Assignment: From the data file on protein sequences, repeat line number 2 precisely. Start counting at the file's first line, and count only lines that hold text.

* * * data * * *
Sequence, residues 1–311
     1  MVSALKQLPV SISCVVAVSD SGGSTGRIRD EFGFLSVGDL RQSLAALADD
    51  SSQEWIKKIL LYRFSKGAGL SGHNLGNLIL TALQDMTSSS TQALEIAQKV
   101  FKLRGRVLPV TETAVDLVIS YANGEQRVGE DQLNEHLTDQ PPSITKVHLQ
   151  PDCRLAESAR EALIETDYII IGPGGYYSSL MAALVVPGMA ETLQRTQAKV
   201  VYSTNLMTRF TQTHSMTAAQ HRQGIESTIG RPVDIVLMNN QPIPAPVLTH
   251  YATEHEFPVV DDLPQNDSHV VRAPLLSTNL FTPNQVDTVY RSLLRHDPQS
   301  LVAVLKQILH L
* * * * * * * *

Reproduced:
     1  MVSALKQLPV SISCVVAVSD SGGSTGRIRD EFGFLSVGDL RQSLAALADD